Being Single

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Recently, I’ve been thinking about what it means to be single and almost 30.

What does it look like to live in the tension between desiring marriage and living out the calling of being single for as long as God has me here.

It’s been a weird season, these last few months. I dated a guy that lived in his van, had a relationship non-start with a really sweet high school teacher and watched a crush get married.

There were a lot of rules that I had about what it meant to be single, or more accurately, what it meant to be single and ready for marriage.

  1. I believed that I needed to fully healed before I could be in a relationship with someone. While the greatest gift you can give your spouse is a healed heart, I have learned two things: it is a lifelong process to being fully healed and being in a relationship with someone means walking into their mess.
  2. I believed I had to not have a desire to be married in order to get married. Being content doesn’t mean not having desires. Desires can come from God. When I first had a desire for marriage, I looked at what God was doing in me during that time. He was healing my heart from a lifetime of misconceptions about marriage and while that doesn’t guarantee that the desire for marriage I developed comes from God, I strongly suspect it does.
  3. I can only speak to this part as a woman. I felt this strong burden to be “in the right position” for a man to pursue me. This led to a lot of control on my part. If I liked a guy, I made sure I was near him as often as possible. I would stand off alone so it would be easier for the guy I liked to approach me. What often happened was the guy I liked would approach me and talk to me but he wasn’t interested in me romantically. There’s a very real part of me that feels the sting of this. I often feel that there is no point to trying anymore. Why go to the church service he goes to or approach him during an event if the result would be the same?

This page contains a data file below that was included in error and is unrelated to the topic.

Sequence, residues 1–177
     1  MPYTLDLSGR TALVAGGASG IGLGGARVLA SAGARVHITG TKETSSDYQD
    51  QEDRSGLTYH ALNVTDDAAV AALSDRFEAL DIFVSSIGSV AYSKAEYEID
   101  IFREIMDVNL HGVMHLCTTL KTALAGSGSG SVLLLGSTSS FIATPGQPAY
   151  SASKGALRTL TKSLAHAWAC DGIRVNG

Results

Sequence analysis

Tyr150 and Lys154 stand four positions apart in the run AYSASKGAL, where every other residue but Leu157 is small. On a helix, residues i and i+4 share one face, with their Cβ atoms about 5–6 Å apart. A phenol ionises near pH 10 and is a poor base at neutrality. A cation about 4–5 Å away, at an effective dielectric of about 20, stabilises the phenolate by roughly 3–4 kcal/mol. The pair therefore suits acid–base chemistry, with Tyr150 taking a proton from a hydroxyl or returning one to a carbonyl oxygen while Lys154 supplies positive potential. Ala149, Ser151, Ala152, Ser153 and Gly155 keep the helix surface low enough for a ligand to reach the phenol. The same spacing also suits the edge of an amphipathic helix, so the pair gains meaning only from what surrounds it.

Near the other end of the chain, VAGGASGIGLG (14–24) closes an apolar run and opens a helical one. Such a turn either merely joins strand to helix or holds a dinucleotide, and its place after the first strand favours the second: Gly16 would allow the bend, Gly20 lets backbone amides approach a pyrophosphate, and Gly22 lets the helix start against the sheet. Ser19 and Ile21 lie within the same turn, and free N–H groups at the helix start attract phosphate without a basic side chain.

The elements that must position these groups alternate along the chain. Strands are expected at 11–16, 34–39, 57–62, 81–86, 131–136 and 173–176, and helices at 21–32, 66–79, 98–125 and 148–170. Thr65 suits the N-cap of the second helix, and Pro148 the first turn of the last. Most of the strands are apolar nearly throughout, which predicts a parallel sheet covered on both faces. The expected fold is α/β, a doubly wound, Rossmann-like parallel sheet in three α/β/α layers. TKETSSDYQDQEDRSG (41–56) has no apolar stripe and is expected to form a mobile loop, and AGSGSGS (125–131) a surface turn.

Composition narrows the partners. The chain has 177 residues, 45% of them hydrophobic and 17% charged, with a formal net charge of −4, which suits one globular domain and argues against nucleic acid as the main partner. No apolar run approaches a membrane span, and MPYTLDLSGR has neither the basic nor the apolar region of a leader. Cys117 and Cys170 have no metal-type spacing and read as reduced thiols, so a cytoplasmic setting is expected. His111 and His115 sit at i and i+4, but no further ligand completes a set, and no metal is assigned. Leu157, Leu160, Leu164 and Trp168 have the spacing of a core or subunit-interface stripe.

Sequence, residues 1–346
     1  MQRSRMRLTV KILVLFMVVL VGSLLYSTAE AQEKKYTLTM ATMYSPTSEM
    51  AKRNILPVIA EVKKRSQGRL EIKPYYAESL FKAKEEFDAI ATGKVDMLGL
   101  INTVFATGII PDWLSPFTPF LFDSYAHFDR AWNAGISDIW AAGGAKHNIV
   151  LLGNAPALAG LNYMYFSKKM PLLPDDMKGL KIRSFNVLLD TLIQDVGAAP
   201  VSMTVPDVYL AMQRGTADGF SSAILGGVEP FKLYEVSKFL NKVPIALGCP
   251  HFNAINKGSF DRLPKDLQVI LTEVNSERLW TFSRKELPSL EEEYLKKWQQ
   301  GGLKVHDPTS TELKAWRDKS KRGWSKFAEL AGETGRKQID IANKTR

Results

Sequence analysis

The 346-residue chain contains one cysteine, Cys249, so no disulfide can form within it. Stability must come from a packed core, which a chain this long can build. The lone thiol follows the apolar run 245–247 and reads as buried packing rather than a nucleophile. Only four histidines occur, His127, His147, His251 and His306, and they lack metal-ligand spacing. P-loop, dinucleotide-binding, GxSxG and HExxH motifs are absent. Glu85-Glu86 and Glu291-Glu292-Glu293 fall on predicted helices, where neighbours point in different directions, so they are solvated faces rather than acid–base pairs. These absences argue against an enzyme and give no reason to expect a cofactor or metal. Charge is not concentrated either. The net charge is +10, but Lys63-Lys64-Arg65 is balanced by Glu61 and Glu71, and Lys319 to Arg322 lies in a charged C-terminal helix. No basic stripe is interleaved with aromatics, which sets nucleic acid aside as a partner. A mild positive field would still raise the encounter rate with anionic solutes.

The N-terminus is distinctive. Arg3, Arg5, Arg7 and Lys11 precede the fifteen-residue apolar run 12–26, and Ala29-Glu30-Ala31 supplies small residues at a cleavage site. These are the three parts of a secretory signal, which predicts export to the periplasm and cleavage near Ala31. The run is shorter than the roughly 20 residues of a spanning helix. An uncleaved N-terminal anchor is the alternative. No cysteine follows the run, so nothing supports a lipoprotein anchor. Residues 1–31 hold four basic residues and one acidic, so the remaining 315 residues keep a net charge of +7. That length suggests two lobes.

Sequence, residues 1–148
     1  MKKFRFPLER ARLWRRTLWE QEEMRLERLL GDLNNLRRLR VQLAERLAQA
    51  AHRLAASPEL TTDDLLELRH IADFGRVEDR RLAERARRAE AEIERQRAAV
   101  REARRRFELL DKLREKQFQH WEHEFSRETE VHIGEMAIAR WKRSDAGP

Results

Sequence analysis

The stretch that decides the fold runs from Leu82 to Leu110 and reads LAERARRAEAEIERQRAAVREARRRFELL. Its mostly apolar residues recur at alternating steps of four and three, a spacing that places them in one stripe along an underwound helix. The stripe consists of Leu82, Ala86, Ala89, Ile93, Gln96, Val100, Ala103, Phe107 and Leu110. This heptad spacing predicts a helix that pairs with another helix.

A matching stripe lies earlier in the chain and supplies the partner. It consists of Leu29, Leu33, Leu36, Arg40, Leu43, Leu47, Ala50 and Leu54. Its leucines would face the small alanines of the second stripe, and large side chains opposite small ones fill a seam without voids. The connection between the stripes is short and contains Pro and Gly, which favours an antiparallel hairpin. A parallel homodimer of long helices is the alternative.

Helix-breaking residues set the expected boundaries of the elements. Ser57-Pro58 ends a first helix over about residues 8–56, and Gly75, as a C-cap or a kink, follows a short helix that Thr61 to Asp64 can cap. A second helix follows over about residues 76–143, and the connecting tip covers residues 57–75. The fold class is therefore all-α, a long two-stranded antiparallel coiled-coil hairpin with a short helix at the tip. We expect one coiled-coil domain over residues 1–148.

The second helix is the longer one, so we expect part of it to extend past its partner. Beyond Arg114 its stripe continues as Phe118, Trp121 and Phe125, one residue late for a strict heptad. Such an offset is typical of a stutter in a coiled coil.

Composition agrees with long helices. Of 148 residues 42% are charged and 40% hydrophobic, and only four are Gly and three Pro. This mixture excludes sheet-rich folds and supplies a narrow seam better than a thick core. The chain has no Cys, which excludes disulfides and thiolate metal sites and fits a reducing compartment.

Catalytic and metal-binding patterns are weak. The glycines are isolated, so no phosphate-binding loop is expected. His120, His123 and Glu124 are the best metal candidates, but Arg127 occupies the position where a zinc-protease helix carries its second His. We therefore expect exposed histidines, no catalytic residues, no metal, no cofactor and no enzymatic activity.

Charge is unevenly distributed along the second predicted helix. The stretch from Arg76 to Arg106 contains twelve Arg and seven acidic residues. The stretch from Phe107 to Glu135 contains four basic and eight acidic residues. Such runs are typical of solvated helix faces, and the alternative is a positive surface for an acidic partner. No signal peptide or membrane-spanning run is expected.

It is excoriating when things don’t work out. A guy pursues, he engages, you spend late nights talking about life and faith, you get coffee together and swap stories. There’s a closeness and a sense that you are heading towards something.

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And then it just ends. It falls apart. And you are left wondering if you did something wrong.

There’s this tendency in us to reject even friendships with the opposite gender after that happens because you question your ability to discern the relationship. You question whether or not you can tell if there is potential with someone else.

About this time a year ago, I was getting used and mistreated by a guy from my church. Everyone spoke so highly of him that I used that as my catalyst for deciding he was a good guy.

He wasn’t a good guy.

I didn’t realize how traumatic the experience had been until recently. I have wanted to bury myself in busyness so that I don’t have to think about being attracted to anyone else.

I’m at a new church, in part because of that guy but also because no one in my community walked alongside me in that experience. I can’t speak to everyone I knew at that church but in the circle I spent the most amount of time in, they didn’t love me enough to carry that burden. The people who truly loved me recognized this wasn’t a good situation and pulled me out. But leaving that environment didn’t change the fact that I needed to forgive him in order to move on.

It’s like God is asking me to let go so that I can truly trust Him with my future. As I’ve been praying through these things, I hear the Lord telling me to just try one more time. Try to put myself out there. Be vulnerable. I’m learning that I can’t lose anything that wasn’t ultimately for me.

I think that’s the hardest part about being single: learning to find joy and contentment in every closed door. To recognize that God’s best is our very best and He blesses us through every rejection and heartbreak.

It sounds great but it’s a hard pill to swallow.

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